Don't feel cheated
A SALARY would seem an exercise in largesse to many governors, already notoriously reluctant to claim their expenses.
But they might like to ask why the non-executive directors of NHS trusts are being paid pound;5,140 a year when their job descriptions appear identical.
For eight years I have been a governor of two schools, including a period as chair. Six years ago I was appointed a non-executive director of an NHS trust.
In my experience, several factors justify the non-executive director's fee. I spend seven days each month on NHS business, often attending a series of meetings on the same day. Even when I chaired a governing body which was engaged in some complex negotiations, my NHS work required more commitment.
In normal circumstances a governing body with an effective sub-committee structure can discharge its duties with a termly evening meeting plus focused sub-committees arranged to suit members. NHS trusts have a wider variety of sub-committees, often with detailed rules about the frequency of meetings and the number of non-executives needed for the quorum. The main board needs to meet monthly along with some sub-committees to keep abreast of
While it still remains possible for a school governor to fulfil their duties outside work hours there is no possibility of a non-executive offering only evening commitment. I have to be available by arrangement any day of the week and be flexible about the timing of meetings. This precludes most non-executives from a conventional full-time job. Many are self-employed so can determine their own priorities. The fee received by a non-executive is arguably not remuneration but compensation for other earnings potentially forgone.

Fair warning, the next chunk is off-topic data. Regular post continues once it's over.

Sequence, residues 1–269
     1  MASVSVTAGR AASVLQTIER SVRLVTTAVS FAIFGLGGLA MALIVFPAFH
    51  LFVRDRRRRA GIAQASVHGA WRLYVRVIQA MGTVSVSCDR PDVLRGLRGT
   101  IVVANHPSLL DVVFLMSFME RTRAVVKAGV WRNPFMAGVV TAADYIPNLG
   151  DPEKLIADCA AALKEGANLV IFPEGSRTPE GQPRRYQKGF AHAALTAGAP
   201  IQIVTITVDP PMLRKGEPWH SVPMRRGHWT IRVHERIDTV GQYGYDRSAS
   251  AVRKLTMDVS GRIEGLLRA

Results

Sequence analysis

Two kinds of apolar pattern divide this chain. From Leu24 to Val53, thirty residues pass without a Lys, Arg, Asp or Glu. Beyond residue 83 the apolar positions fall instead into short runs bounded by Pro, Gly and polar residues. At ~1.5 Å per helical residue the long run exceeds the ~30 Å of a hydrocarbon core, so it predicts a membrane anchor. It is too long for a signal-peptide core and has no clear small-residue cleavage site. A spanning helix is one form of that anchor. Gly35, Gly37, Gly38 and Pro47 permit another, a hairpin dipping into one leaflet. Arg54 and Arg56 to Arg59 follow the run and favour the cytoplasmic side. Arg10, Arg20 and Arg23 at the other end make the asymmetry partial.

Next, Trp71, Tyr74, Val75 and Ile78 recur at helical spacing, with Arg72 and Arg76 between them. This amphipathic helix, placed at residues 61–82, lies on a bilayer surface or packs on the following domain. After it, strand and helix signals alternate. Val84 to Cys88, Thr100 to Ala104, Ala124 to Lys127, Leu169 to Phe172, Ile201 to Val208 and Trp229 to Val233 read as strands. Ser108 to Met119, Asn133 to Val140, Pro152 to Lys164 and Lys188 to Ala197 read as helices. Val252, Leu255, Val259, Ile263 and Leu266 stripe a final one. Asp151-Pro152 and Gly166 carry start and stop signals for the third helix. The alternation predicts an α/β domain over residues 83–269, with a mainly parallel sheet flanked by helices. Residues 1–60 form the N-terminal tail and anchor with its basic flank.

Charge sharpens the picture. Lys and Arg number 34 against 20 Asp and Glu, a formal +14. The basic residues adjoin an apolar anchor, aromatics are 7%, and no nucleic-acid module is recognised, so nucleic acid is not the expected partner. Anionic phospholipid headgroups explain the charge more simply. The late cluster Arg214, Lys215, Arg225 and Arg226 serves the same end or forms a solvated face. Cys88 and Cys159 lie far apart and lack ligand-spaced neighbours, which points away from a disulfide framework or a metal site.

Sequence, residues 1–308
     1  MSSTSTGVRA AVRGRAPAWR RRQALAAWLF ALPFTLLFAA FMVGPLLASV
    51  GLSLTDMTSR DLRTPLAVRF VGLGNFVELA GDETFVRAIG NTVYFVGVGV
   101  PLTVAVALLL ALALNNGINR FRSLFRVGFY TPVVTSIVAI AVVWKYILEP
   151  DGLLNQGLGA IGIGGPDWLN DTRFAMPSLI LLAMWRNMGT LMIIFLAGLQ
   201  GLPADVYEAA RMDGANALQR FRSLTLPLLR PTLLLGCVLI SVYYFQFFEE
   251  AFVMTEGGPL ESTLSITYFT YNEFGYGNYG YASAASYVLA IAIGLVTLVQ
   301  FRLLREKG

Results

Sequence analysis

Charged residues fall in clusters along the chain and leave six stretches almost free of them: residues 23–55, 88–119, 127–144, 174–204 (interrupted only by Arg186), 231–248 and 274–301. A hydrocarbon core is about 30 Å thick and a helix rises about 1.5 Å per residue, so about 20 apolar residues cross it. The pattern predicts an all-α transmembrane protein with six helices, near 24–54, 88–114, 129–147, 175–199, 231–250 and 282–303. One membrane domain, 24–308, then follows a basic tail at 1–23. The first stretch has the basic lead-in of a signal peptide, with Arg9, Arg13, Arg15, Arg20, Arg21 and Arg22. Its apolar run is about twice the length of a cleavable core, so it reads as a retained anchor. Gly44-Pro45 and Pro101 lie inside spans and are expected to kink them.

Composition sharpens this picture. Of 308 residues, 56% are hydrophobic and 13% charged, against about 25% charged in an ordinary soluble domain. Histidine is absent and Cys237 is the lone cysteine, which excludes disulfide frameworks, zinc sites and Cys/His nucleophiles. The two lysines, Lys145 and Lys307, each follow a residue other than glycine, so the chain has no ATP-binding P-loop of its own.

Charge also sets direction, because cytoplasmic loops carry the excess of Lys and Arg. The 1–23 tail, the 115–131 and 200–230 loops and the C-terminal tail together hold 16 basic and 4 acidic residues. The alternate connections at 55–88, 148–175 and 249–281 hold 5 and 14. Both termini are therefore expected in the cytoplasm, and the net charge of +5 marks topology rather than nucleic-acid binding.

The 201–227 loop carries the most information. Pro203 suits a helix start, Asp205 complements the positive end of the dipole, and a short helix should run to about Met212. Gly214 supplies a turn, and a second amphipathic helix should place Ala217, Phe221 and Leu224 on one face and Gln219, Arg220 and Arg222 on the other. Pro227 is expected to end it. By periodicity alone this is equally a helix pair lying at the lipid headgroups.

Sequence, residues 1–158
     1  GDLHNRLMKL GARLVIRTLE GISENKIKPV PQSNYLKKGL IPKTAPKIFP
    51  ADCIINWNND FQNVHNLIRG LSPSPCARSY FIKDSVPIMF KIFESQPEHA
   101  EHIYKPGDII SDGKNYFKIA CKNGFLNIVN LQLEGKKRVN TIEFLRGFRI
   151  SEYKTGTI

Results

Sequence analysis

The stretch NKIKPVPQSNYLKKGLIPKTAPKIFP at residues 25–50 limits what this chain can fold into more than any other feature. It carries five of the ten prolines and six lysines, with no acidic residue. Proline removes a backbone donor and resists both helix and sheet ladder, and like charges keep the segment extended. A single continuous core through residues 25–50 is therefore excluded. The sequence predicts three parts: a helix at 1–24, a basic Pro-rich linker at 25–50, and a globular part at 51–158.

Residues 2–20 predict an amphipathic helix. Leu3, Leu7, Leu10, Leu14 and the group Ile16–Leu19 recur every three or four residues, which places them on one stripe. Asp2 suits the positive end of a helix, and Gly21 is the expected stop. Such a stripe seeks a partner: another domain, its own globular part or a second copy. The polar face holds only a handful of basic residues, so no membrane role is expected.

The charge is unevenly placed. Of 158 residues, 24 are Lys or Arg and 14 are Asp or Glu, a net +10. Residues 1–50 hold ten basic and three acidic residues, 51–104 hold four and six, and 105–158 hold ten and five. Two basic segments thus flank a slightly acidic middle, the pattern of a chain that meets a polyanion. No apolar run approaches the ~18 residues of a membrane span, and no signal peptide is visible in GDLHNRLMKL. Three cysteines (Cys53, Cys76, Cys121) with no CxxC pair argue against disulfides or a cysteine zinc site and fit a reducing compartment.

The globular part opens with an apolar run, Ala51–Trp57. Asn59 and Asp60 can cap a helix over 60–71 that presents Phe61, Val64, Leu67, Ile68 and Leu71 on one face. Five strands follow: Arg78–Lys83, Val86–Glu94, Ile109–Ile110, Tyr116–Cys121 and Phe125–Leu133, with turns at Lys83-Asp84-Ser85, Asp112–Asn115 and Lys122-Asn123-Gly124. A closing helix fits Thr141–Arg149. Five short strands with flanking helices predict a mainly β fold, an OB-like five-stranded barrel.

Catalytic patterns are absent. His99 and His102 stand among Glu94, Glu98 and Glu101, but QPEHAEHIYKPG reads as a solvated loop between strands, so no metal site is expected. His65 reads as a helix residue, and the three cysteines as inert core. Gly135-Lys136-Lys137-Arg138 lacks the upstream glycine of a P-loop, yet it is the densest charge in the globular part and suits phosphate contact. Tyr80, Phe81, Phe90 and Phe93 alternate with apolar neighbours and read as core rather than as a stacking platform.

School governing bodies generally have a dozen members who can take a share of the work.
NHS trusts usually have five non-executives plus the chair. Some non executives undertake statutory duties in relation to patients detained under the Mental Health Act or act as trustees of charitable funds. A non-executive director is required to review all complaints which cnnot be resolved by the organisation. Several such complaints usually arise even in well-run organisations. In schools, complaints which go beyond the head to the chair of governors remain relatively rare.
Commitment, enthusiasm and the ability to work as part of a team are usually cited as the main attributes of successful school governors. Non-executive directors need additional skills. Although my work as a governor undoubtedly added strength to my NHS application, I am also a chartered accountant. I could be relied upon from the outset to engage in informed discussions about finance and activity and chair the audit committee. This involves leading high-level meetings with auditors about the trust's compliance with its statutory duties.
Many people appointed to non-executive posts have proven knowledge in finance, personnel, estates, engineering, information technology, or deep knowledge of local health needs and services. This permits informed questioning of executive colleagues across a range of disciplines. Non-executives also have a track record of community involvement.
The non-executive role will only suit a governor who is more than comfortable with being chair of governors. This is because all non-executives are required to chair important sub-committees or panels. On occasions you may be the only board member in the meeting. In these situations you have to be absolutely confident about following procedures, focusing discussions and taking decisions, as well as being conversant with the issues being considered.
Board meetings are held in public, often with press representation. Individual contact with the outside world as the board's representative is more frequent than for school governors and may involve speaking in public.
My trust's revenue budget is more than a hundred times larger than the school's and there is also a large capital programme. Paying school governors pound;5,140 a year would be excessive and serve only to attract into governance those whose prime interest was their wallet, not the children.
Denise Bates is a non-executive director of an NHS Trust in the North-west. The opinions expressed are her own.